To answer this question, we should first note that the R-value of a wall assembly tends to be much less than the R-value of the insulation. This is because walls consist of multiple materials, each with its own R-value. The R-value of a glass window, for example, is much less than that of the wood-and-fluffy-insulation part of a wall.
In my case, daylight is a high priority — I’d rather work in a too-cold or too-warm daylit space than in a windowless box. So if I daylight my workshop via clerestory windows in the South wall, what happens to the effective R-value of the wall?
Here’s the analytical equation that gives the effective R-value of a 15’ wall for a given non-window insulation level and polycarbonate window (R-1) height:
(This is the same calculation as the “effective impedance” of parallel electrical resistors, but with relative weighting by area of the wall and window.)
Since I’m not good at abstract, analytical reasoning, I rendered the following contours of the effective R-value:
This graphic shows that with 2’ or more of polycarbonate window, the best we can do with the wall is around R-5. Even if we go nuts insulating the solid wall, heat will just move through the R-1 polycarbonate windows.
(The ordinate domain was chosen according to Lawrence Berkeley National Laboratory’s Tips for Daylighting guide, which suggested that 1–4’ of window would provide sufficient daylight.)
In terms of dollars, Home Depot quoted me $2.08/sqft for R-12 sheets of Roxul Comfortboard (fluffy rock), so it’d cost about $2k to bring the South wall from a baseline R-1 to about R-5. (I’m assuming that the other walls, floor, and roof, are similar, so it’d cost something like $10k to bring the entire workshop up to R-5.)
Looking back at our ballpark solution, this means I’d have to spend $10k to reduce the temperature by 5°F and move the peak 90 minutes later.
That doesn’t seem particularly compelling to me — is it the best we can do? Lets look at other strategies.
In my simple model, the heat flow due to air exchange is modeled as a constant rate exchange between the workshop’s interior air and exterior air.
The air exchange rate can be reduced during construction (by sealing envelope cracks with expanding foam, taping sheathing joints, etc.) but is not generally something that can be greatly reduced in a cost effective way.
For the purposes of my modeling, I set the rate to be 1 workshop volume of air exchanged every hour, which corresponds to 260 BTU lost/gained for every °F difference between the inside and outside air.
The sun provides free heat, and in the winter we can capture it to warm the workshop.
Rather to model solar gain from first principles, I took the hourly cumulative values provided by an online calculator, fit a piecewise linear model (connected the dots), and took the derivative to get the solar flux.
Assuming the polycarbonate clerestory windows have a solar heat gain coefficient (SHGC) of 0.8, they’ll pick up about 300 BTU / sqft day over the winter months.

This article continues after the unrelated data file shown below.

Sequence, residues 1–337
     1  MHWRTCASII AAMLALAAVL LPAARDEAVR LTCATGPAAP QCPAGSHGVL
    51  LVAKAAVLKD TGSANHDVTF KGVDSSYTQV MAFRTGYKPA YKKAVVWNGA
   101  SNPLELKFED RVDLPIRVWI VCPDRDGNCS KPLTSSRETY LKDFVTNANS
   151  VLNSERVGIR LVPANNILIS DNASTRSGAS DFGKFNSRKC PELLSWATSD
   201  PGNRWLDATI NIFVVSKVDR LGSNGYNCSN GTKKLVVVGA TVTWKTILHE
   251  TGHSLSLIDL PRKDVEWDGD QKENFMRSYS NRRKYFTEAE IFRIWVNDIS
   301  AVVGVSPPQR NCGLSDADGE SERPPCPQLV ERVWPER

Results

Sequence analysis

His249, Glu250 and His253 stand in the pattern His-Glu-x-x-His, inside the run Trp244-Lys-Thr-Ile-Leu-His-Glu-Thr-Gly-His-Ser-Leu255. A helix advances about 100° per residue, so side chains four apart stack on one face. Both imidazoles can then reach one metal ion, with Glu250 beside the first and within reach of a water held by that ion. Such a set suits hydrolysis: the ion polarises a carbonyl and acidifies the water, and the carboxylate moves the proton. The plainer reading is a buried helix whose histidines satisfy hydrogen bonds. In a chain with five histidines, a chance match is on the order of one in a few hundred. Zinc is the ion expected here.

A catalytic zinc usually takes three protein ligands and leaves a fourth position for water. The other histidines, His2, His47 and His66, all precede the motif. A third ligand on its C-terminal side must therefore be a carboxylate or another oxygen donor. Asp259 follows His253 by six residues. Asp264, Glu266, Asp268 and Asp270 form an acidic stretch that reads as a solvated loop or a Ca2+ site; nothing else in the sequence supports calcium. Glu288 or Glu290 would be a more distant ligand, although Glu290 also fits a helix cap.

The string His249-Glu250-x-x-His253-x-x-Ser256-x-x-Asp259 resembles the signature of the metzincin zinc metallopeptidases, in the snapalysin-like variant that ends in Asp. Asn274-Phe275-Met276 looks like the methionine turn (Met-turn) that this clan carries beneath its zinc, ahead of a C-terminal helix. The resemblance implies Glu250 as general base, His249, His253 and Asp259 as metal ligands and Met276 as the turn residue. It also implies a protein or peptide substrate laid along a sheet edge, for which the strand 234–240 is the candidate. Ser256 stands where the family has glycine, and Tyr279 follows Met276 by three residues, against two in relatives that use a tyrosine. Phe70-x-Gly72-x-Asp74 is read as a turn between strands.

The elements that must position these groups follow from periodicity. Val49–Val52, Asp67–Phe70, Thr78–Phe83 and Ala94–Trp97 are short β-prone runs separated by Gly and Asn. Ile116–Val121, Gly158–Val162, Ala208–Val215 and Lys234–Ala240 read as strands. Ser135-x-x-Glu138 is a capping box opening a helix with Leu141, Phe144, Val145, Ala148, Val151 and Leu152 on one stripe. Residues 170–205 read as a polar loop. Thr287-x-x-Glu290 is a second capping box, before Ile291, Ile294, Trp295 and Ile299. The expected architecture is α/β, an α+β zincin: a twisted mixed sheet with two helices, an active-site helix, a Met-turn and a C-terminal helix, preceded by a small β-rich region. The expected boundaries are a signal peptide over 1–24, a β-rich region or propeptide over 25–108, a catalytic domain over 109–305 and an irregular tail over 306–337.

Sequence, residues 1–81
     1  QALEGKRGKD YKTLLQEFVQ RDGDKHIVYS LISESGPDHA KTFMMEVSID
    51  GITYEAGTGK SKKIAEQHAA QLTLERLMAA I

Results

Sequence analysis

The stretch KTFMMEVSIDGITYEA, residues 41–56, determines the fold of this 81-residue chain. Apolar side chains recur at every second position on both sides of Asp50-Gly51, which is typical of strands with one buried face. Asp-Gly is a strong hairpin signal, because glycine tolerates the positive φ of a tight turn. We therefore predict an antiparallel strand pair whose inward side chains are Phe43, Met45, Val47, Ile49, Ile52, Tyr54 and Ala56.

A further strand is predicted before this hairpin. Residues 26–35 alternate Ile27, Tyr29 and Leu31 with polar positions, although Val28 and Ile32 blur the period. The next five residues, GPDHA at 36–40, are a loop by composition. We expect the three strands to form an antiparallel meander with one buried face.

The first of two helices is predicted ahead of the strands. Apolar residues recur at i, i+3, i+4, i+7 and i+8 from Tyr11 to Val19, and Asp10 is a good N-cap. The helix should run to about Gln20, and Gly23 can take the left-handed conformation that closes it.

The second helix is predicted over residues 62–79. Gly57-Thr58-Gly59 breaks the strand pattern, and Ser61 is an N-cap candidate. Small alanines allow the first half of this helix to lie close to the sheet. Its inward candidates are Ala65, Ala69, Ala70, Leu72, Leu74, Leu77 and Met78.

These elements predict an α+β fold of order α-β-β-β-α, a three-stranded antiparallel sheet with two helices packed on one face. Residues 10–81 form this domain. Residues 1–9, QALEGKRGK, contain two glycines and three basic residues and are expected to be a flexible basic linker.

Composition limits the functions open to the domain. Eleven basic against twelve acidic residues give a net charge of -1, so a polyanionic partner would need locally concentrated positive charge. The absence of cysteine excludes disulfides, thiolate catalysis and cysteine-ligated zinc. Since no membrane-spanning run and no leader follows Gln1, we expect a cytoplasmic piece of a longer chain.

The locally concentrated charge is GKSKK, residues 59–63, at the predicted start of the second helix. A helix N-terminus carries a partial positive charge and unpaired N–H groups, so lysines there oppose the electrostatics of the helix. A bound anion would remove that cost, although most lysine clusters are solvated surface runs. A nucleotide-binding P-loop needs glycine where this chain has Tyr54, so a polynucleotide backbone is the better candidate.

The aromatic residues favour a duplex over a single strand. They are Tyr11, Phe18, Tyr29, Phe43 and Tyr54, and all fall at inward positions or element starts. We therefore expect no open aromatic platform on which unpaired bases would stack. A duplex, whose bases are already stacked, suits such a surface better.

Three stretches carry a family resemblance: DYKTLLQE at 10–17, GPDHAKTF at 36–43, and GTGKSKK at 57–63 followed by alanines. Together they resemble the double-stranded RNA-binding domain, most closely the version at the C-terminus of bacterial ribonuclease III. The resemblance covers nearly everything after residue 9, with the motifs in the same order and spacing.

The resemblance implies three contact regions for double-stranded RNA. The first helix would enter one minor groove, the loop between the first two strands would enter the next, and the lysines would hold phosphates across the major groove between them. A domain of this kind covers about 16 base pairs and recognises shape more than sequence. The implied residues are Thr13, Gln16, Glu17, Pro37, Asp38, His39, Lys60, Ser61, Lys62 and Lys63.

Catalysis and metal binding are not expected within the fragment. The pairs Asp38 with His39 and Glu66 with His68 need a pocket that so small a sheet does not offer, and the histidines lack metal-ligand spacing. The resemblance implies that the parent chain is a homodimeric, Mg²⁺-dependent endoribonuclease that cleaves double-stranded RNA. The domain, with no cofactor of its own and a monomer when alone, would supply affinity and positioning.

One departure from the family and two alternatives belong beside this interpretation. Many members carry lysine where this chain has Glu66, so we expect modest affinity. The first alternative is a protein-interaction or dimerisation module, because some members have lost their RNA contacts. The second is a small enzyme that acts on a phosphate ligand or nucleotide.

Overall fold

Relative heat flows
Since we have three heat flow terms — conduction, air exchange, and solar gain — it’s worth looking at their relative magnitudes. For the uninsulated (R-1) workshop:
the conduction flow dominates. However, in the insulated (R-5) workshop:
The solar gain and air exchange terms start to matter, though the conduction still dominates.
Given that this is the smallest we can reduce the conduction term, we should explore alternative approaches to regulating temperature.
Thus far, we’ve explored regulating temperature by reducing heat flows. But we can also regulate temperature by increasing the heat necessary to change the temperature — by increasing the thermal mass (specific heat capacity) of the workshop.
In theory, a large thermal mass will “even out” the temperature: A cold mass will warm up over the day (keeping the workshop cool) and cool off at night (keeping the workshop warm).
Most of the workshop’s thermal mass is provided by the concrete slab and retaining walls. The heat capacity of concrete is about 31 BTU per cubic foot °F.
So my 30’ long × 20’ wide × 4" thick slab requires about 6k BTU to move 1°F. (For comparison, the interior volume of air in the workshop requires only 260 BTU to move 1°F.)
As it so happens, my property has a low-flow well, so if I ever want to live there, I’d be legally required to have a 1000 gallon water reservoir. This reservoir would have a heat capacity of about 8k BTU/1°F, so putting it inside the workshop would double the workshop’s heat capacity.
Lets see what that looks like:
In an uninsulated (R-1) condition, the double heat capacity workshop has a peak temperature about an hour later and 2°F cooler than the baseline slab heat capacity workshop.
In the insulated (R-5) condition, the temperature moderation is more pronounced, with the double heat capacity workshop consistently 3–4°F cooler than the baseline slab heat capacity workshop.
In terms of cost, doubling the thermal mass is effectively free (I have to put that 1000 gallon reservoir somewhere). However, without insulation it doesn’t seem like doubling the heat capacity will meaningfully affect the workshop comfort level.
So, where does all this analysis leave us?
Well, the heat flows are dominated by conduction, which could be reduced with at most R-5 effective insulation for $10k. This insulation, combined with the heat capacity of a concrete slab and 1000 gallon water tank, would reduce peak summer temperatures by 5–10°F at best, depending on the daily swing.
To me, this isn’t worth it. The money could be better spent in several ways:
Interior office: Rather than insulate the whole workshop, I can build an insulated office within the larger workshop envelope. The office would be cheaper to insulate both because it’s smaller, and also because it could use batt or loose-fill insulation in a “double stud wall” configuration rather than the more expensive rigid insulation required by the workshop walls. This office would also satisfy other workshop goals: quiet place from which to operate CNC machine, dust-free place for sensitive equipment and electronics work, etc.
Fancy PPE: If personal thermal comfort does become an issue in the larger workshop, I can buy adorably-named Veskimo cooling vests and $250 battery-powered hand warming gloves and still come out $8k ahead.
Moar tools: I’m a guy who’s building a workshop before his house — given the choice between 5°F of comfort or a sweet Austrian sliding format table saw, what do you think I’m going to pick?